Susan Pfeiffer
New Discoveries about the Lives of Wendat Ancestors
Session 3: Emerging Multi-disciplinary Themes and Trends on the Wendat Past
Sunday Oct. 19 Morning - 08:20-08:40 - Burgundy North
In contexts of new archaeological excavations and of repatriation of curated collections, descendant groups have allowed the retention of one tooth from each ancestor, so that small amounts of tooth root and crown material can be studied. Many researchers have been involved, using new methods of isotope study and ancient DNA. New radiocarbon dates have been generated, so that changes over time can be considered. This paper will provide a summary of new discoveries that have been made possible through study of the teeth. I will describe new, clear isotopic evidence documenting the ancestral Wendat reliance on maize production, and will outline the very diverse sources of protein that were exploited. New evidence also provides information on when mothers weaned their babies and what foods they used in that important transition. I will summarize what we know so far about the genetic relationships of people in the region prior to European arrival and will explain new approaches that get genetic information from dental plaque. The conference is an important opportunity for us to provide research updates, and to learn through discussion what questions the descendants wish to pose to the researchers.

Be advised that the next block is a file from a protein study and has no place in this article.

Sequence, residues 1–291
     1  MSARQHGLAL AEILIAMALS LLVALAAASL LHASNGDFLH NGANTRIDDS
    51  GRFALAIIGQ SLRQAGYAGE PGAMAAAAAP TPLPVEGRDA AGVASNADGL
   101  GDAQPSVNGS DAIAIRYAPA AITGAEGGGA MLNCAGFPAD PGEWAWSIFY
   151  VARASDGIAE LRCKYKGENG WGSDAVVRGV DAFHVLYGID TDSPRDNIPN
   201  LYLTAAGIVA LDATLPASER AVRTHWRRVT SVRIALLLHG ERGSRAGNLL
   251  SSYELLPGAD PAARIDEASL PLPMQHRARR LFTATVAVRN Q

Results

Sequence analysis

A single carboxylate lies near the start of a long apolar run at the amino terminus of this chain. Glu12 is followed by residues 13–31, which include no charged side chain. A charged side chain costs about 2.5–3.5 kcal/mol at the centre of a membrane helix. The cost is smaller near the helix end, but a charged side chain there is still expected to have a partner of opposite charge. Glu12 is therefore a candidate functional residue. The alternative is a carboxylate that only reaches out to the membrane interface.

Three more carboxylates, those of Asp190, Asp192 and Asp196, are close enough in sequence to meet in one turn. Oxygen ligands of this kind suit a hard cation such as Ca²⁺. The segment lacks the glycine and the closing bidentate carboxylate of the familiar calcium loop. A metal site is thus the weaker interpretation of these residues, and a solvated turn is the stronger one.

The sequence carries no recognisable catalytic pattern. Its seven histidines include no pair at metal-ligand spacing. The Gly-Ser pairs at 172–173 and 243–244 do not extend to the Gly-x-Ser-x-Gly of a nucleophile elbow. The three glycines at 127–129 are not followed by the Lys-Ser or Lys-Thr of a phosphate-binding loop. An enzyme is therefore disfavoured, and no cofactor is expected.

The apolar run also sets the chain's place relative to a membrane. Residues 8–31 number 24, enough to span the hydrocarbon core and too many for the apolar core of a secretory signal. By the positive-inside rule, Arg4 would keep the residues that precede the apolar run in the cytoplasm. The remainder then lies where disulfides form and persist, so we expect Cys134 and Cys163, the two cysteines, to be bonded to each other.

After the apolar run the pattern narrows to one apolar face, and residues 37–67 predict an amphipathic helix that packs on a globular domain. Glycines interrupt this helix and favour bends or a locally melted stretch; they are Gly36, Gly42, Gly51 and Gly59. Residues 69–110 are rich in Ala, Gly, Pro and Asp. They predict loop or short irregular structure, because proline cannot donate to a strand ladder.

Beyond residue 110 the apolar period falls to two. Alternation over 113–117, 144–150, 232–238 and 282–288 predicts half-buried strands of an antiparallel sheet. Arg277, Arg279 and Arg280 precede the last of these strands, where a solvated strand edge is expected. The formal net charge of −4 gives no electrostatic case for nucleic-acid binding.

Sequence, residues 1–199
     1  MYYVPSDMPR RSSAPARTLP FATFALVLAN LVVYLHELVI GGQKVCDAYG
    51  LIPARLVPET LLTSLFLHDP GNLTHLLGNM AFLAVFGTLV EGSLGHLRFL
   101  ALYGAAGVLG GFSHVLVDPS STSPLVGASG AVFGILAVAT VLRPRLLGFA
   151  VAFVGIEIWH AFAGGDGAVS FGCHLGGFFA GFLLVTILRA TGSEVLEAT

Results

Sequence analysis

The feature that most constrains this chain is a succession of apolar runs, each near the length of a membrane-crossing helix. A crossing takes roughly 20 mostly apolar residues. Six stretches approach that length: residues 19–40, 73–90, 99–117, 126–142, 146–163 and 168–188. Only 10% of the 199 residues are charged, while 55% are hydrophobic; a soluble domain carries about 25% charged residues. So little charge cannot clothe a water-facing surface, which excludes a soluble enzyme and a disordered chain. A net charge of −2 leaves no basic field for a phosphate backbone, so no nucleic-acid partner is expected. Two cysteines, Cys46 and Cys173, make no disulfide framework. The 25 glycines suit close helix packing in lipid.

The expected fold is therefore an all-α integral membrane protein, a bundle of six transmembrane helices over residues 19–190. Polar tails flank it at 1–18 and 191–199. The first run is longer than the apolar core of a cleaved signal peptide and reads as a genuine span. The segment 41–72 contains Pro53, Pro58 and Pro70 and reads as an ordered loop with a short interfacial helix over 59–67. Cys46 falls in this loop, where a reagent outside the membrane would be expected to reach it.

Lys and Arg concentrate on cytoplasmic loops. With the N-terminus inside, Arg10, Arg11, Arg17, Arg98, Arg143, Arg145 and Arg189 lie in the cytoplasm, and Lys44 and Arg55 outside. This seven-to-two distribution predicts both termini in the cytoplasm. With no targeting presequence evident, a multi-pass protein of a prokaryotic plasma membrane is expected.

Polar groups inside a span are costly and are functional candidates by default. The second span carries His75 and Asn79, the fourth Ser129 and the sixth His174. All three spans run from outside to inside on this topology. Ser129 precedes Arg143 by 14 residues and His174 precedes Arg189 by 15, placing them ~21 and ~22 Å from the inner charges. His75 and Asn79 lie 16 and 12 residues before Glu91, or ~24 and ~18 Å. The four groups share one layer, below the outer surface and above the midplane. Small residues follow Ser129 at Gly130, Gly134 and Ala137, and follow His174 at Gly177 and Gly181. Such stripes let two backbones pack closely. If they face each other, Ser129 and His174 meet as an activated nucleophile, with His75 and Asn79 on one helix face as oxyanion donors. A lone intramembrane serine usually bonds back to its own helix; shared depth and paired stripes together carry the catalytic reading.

Peter Ramsden
Negotiating Identities: A Story of St. Lawrence Iroquoians and Huron-Wendat in the Upper Trent Valley
Session 1a: The Huron-Wendat Nation and St. Lawrence Iroquoians: Their Origins and Relations
Saturday Oct. 18 Morning - 10:40-11:00 - Burgundy North
The Upper Trent River Valley saw two immigrations of Huron/Wendat people from near the north shore of Lake Ontario.  The first, in the mid-15th century, was by a very small group from the lower reaches of the Trent River who may have been attracted in part by possibilities for trade with Algonquins in the adjacent Canadian Shield.  The second immigration was by a larger group, from the Toronto-Pickering area, over a period of time beginning in the early 16th century.  These immigrants brought with them ties to the St. Lawrence Iroquoians, and there is evidence of visits from St. Lawrence valley people, and later, towards the end of the 16th century, of the adoption of St. Lawrence Iroquoian families into Huron/Wendat communities and households.  This paper explores the evidence for the motives and mechanisms involved in these movements and adoptions.
Jean-François Richard
Territorial Precedence in the Huron-Wendat Oral Tradition in the 18th and 19th Centuries
Session 1b: The Huron-Wendat Nation and St. Lawrence Iroquoians: Their Origins and Relations
Saturday Oct. 18 Afternoon - 03:20-03:40 - Burgundy North
Have members of the Huron-Wendat Nation of the 18th and 19th centuries preserved the memory of "St. Lawrence Iroquoians" which were integrated into their communities over the two previous centuries? Given their own view of history, how did the Huron-Wendat of this historical period conceive of the seniority of their presence in the region of Quebec City? Based on anthropological research on oral tradition now going on at the Nionwentsïo Office, this paper highlights the elements which have been discovered and which point to significant footprints of the "St. Lawrence Iroquoians" in ethnicity and ethno-history of the Huron-Wendat Nation.
Paul Ritchie and John Sleath